The PRC's power-projection capability is limited and one Chinese general characterized China's military as having "short arms and weak legs". There has however been an effort to redress these deficiencies in recent years. The PLA has acquired some advanced weapons systems, including Sovremmeny class destroyers[?], Sukhoi-27 and Sukhoi-30 aircraft, and Kilo-class[?] diesel submarines from Russia. However, the mainstay of the air force continues to be the 1960s-vintage F-7 fighter[?]. In addition, the PLA has attempted to build an indigenous aerospace and military industry with its production of the F-10[?], which reportedly contains technology supplied by Israel from its Lavi[?] fighter program as well as technology reverse-engineered from an F-16 reportedly given to the PRC by Pakistan. However, this effort has met with limited success as evidenced by the purchase of military arms from Russia and the delay in showing F-10 prototypes in November 2002 at an airshow in southern China.

China's military leadership has also been reacting to the display of American military might during the Gulf War.

During the 1980s and 1990s, the PLA became extensively involved in creating a business empire including companies in areas not normally associated with the military (i.e., travel and real estate). Much of the motivation for this was to supplement the PLA's normal budget, whose growth was restricted. Chairman Mao's belief that people and groups should be self-sufficient also played a role in the PLA's varied business interests. In the early 1990s, the leadership of the Communist Party and the high command of the PLA became alarmed that these business transactions were in conflict with the PLA's military mission. The business interests of the PLA were eroding military discipline, and there were reports of corruption resulting from the PLA businesses. As a result, the PLA was ordered to spin off its companies. Typically, the actual management of the companies did not change, but the officers involved were retired from active duty within the PLA and the companies were given private boards of retired PLA officers. Military units were compensated for the loss of profitable businesses with increased state funding.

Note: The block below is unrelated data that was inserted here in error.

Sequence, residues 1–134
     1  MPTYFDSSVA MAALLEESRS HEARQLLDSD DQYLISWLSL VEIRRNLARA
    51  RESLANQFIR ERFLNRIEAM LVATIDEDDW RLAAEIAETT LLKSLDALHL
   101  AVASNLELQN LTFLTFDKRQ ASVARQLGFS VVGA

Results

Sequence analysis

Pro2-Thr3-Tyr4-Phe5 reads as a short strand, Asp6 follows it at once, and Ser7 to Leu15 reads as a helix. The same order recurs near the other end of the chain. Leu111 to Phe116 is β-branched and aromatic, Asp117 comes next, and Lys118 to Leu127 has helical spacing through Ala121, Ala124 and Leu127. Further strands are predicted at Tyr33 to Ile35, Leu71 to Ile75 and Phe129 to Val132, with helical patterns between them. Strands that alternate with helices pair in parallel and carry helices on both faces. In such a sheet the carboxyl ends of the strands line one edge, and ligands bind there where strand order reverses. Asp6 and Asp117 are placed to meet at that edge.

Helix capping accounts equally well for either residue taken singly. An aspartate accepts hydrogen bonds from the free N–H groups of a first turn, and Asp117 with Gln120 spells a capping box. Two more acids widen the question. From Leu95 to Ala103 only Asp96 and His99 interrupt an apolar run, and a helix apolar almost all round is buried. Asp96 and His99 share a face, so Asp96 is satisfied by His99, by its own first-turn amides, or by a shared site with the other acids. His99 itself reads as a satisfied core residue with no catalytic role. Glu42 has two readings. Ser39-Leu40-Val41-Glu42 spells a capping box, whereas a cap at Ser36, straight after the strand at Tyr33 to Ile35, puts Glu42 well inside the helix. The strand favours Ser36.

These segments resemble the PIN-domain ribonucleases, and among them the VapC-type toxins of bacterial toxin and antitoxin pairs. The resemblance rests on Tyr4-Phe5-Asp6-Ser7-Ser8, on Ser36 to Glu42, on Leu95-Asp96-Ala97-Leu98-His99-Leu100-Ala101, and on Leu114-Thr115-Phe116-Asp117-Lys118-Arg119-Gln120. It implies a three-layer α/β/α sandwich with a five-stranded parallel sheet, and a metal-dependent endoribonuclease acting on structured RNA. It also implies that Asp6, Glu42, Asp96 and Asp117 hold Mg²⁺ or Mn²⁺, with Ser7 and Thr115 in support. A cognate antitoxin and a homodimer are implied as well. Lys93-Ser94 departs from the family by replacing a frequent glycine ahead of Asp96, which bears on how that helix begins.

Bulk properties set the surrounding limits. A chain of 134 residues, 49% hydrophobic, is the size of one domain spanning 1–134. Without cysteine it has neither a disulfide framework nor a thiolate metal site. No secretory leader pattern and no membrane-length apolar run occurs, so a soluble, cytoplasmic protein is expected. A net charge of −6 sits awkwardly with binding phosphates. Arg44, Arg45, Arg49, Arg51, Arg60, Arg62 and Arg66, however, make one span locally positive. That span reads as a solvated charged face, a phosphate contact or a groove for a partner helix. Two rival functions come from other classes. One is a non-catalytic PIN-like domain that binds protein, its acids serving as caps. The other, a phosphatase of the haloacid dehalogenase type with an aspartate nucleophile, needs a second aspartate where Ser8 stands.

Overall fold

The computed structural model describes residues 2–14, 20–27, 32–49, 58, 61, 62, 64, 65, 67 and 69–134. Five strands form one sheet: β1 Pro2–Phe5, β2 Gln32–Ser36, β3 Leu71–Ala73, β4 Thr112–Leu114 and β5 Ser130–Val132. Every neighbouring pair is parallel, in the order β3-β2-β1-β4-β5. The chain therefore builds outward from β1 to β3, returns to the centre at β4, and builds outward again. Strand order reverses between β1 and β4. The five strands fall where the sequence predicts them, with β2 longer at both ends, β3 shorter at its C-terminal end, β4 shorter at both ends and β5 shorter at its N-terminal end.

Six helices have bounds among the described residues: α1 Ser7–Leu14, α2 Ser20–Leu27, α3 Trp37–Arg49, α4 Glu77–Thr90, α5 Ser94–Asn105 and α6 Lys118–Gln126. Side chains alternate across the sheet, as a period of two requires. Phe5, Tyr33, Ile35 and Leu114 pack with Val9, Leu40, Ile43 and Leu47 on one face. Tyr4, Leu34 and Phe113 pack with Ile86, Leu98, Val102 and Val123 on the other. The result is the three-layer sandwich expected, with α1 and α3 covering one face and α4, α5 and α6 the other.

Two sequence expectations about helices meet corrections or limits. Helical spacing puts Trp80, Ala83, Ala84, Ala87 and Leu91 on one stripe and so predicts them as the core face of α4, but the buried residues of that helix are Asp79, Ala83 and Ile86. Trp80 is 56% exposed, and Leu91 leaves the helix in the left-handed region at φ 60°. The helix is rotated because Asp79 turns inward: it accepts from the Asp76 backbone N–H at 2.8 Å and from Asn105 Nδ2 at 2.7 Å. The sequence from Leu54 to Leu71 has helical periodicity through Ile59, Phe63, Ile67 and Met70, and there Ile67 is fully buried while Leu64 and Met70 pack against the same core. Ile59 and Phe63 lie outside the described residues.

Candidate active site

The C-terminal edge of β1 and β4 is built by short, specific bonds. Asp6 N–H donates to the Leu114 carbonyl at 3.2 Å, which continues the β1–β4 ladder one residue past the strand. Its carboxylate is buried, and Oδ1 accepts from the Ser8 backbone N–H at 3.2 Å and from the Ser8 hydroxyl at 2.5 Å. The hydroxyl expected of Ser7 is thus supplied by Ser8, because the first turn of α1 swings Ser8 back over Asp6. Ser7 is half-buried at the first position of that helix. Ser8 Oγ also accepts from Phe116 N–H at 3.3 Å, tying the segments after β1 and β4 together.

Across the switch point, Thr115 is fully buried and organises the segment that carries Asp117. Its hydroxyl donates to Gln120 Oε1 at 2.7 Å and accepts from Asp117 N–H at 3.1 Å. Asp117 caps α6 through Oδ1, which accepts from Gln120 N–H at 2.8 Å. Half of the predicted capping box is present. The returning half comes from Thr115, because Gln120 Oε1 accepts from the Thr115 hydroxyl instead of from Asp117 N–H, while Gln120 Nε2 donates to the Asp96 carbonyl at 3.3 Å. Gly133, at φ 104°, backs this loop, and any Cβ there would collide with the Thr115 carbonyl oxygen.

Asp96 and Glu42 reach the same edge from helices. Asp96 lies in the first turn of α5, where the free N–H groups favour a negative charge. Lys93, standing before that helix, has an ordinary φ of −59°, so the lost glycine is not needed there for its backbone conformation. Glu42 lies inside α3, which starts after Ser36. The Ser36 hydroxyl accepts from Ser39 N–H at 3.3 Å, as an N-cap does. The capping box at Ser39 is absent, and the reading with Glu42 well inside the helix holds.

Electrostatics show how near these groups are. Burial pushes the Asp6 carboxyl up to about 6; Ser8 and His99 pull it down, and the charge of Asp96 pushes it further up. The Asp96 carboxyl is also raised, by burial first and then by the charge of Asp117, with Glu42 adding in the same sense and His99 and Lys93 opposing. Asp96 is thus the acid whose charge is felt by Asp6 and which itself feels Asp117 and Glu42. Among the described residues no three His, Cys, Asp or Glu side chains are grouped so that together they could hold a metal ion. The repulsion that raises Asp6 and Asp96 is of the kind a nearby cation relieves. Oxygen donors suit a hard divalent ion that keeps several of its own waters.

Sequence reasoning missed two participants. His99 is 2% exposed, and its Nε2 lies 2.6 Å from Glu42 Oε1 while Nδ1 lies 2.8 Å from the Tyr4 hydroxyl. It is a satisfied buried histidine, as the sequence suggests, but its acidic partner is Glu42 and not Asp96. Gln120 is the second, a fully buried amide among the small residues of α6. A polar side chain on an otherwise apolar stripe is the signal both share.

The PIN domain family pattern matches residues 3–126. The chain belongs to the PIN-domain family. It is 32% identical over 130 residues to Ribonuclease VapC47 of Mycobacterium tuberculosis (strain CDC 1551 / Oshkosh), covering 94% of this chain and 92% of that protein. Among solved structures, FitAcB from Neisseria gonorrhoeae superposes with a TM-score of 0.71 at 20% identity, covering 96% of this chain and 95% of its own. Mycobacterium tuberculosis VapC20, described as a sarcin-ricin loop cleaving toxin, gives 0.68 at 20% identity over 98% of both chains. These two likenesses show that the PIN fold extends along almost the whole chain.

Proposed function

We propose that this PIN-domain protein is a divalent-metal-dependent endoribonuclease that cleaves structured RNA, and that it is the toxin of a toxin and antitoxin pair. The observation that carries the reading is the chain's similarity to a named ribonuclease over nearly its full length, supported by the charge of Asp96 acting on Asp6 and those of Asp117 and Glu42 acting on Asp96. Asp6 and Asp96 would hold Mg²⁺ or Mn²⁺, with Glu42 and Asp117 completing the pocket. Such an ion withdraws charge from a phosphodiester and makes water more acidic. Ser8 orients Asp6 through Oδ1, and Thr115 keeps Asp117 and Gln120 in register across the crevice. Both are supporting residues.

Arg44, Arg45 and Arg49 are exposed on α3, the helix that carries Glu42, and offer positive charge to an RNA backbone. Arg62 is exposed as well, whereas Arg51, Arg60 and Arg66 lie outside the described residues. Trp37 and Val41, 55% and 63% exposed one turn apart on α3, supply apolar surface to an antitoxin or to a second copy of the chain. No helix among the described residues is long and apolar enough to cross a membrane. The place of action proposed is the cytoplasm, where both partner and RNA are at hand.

Table of contents

Campaigns of the Red/People's Liberation Army

PLA In Internal Security

In general, the PLA has been extremely reluctant to be involved in internal security and views these sort of activities as a distraction from its primary purpose of national defense. Responsibility for internal security has been put into the hands of the paramilitary People's Armed Police, of which the PLA generally has a low opinion.

The PLA has generally not been used for internal security but was used for this purpose during the Cultural Revolution as it was the only national institution to survive the turmoil. It was also deployed to quell anti-government demonstrations in Tibet in 1989 as well as the crackdown of the Tiananmen Protests of 1989.

Because the PLA has rarely been involved in internal security, public opinion of the PLA is rather high especially when compared with the public opinion of the Communist Party of China or the PRC government.